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January 7, 2010

by Stuart Barnes

Beware of the rule of 3
What you give will get back at you
This lesson you must learn
You only get what you deserve
—The Rule of Three

That pernicious only child of the God of Plagues and Chaos glued with Araldite a raptor-gleam
In my priest’s whisky-eye, moulded into a masturbator his cold, wet fish of a fist,
Whispered slyly in my left ear, “Little boy, run like blazes! While you can, vamos, get the hell

Out of here!” then disappeared. Like a Red-backed bitch on heat on her hands and knees, I prayed
To Mr. Pilate, who whispered insidiously in my right ear, “Where’s the little bastard? —
For I must burn his Birkenstocks and shear those ratty dreadlocks from his head.”

I led him to the olive-moated mountain, where I kissed that son of the God of Plagues and Chaos on his grimy cheek.


The Marys wept like cut grass as the sacred nails pierced the child’s wrists and a sword slid in his side.
“Serves you right,” I muttered, “for your father bore not only good, but its opposite, its other.”

Ghastly daffodils, apples strung up in her courtyard, purple crocus shoving through frost and glass;
In a stucco council flat with a crib of pink-eyed rats and nine metres of Burmese snakes —
Splotches like burnt-orange zeppelins, squirmed to “Whitey” and “Old Nick” — lived Mary, mad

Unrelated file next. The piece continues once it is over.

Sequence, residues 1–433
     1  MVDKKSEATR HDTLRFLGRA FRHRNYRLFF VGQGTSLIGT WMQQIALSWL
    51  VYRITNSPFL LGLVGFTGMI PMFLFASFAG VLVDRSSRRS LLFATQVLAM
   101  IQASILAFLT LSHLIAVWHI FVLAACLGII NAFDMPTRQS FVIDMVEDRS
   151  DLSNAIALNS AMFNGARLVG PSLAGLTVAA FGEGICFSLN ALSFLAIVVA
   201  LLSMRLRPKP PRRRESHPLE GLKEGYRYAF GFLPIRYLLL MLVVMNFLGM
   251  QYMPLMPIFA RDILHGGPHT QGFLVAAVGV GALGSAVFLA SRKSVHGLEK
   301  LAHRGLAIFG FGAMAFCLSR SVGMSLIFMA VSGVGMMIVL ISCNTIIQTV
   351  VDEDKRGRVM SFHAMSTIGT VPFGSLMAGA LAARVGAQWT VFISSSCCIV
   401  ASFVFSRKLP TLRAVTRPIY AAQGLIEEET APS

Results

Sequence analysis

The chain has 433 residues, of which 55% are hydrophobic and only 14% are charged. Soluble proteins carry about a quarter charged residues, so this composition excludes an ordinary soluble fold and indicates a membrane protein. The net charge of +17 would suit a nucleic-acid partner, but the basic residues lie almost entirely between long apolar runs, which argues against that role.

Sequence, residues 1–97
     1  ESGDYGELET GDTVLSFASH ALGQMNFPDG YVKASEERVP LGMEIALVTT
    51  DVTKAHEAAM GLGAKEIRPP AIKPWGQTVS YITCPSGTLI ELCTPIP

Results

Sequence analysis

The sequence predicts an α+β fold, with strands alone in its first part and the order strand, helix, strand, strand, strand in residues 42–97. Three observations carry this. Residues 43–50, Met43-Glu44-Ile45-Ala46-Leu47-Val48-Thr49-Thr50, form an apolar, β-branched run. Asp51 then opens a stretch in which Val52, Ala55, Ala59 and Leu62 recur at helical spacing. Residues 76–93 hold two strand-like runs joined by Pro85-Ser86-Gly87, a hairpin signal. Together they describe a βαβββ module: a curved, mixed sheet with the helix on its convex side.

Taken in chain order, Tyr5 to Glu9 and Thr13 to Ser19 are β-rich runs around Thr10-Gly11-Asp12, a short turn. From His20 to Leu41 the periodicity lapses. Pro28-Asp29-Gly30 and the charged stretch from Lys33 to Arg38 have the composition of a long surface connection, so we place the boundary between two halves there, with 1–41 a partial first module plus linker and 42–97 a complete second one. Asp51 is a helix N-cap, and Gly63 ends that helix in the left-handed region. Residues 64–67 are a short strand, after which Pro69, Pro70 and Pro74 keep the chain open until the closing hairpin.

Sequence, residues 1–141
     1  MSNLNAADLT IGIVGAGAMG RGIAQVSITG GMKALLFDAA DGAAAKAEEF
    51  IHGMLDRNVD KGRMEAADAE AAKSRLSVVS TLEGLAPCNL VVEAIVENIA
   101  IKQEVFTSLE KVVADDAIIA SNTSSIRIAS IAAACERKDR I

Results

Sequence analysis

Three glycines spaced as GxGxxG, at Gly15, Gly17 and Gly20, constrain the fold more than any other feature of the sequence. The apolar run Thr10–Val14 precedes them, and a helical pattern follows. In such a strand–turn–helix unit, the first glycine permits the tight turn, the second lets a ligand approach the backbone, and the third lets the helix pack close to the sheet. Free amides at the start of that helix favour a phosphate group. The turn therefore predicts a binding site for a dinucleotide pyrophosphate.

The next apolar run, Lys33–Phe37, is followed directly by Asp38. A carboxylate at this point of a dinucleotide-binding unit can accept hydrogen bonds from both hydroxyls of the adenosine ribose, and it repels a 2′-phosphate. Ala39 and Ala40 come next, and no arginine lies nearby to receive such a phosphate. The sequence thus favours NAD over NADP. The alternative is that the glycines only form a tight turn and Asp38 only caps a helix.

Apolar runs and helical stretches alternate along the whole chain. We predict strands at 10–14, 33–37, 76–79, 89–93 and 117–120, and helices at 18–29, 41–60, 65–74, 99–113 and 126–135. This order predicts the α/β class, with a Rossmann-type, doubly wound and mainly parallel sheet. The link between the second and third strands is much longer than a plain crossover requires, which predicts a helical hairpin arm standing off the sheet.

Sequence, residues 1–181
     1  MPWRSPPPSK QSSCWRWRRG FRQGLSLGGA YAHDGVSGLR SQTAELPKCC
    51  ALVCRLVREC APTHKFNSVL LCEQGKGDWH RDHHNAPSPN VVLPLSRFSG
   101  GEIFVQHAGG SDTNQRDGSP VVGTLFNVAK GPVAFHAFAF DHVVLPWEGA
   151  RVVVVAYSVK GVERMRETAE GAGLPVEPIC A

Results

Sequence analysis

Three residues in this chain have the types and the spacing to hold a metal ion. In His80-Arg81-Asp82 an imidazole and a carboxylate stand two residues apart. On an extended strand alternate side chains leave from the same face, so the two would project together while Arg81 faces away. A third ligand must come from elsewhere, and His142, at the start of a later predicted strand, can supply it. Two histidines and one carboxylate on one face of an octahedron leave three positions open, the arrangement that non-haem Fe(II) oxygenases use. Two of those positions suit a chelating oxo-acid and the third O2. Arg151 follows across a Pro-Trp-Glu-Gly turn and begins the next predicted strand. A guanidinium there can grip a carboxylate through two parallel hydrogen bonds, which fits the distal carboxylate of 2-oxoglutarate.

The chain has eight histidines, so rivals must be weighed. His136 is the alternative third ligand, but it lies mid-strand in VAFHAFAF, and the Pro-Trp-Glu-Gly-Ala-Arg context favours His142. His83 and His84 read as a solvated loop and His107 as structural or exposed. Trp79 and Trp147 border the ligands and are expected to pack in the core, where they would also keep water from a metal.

And quite contrary. Bat-winged, bloody-eyed as her two sisters, crouched on a corner
Of the marbled kitchen table with black needles and bales she knitted: an eggshell-blue
Cloak, a sky of motes, an executioner’s hood. The air was fouled by her breath, the light a sickly yellow.

Spryly that headswoman swooped to the herringbone floor, molded beneath her cauldron
Of herbs a pyramid of hieroglyphics, dry grass and sticks, fanned the language and tinder
With her terrible white bellows, and muttered dementedly, “Rise, rise, my dead fellow.”

Man in black, man in black, like Ted Hughes or Johnny Cash, man in a silly Jewish hat,
No wifely striptease for that man in black, only the everyday soul-impaling, the hailing and flaying,
Nailing wooden curlicues, Alpha and Omega, and ampersands. With hair like grey rats

And a staff of flowers, he hobbled and wobbled and cobbled and toiled for hours
For his Gothic queen bee. Eyes could no longer see, feet were swollen as plums,
Hands were like two balloons. He thought, No wonder I despise the Jews.


“In-sig-nif-i-cant,” oozed Her Majesty to the man in black, “a flea, an Australian Aborigine.
You crawl lower than a dog, you can’t compete with this God.” The man in black’s grief grew around him
Like the Sea of Galilee. He made a wish, whispered sadly, “This earth’s better off without me.”

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The title quote is taken from the introduction to “Silence” from the Portishead album Third. The other quote — “Hands were like two balloons” — is taken from Pink Floyd’s “Comfortably Numb”, from The Wall LP. (Qarrtsiluni asserts that this creative reuse is permitted under the Fair Use provision of U.S. copyright law, which is applicable because our hosting provider, Automattic Inc., is based in the U.S.)

Stuart Barnes (webpage) graduated from Monash University, Australia with a Bachelor of Arts (Literature, Philosophy). His unpublished memoir, A Cold Decade, was shortlisted for the Olvar Wood Fellowship Award. He’s editing his first book of poetry and writing his first novel.

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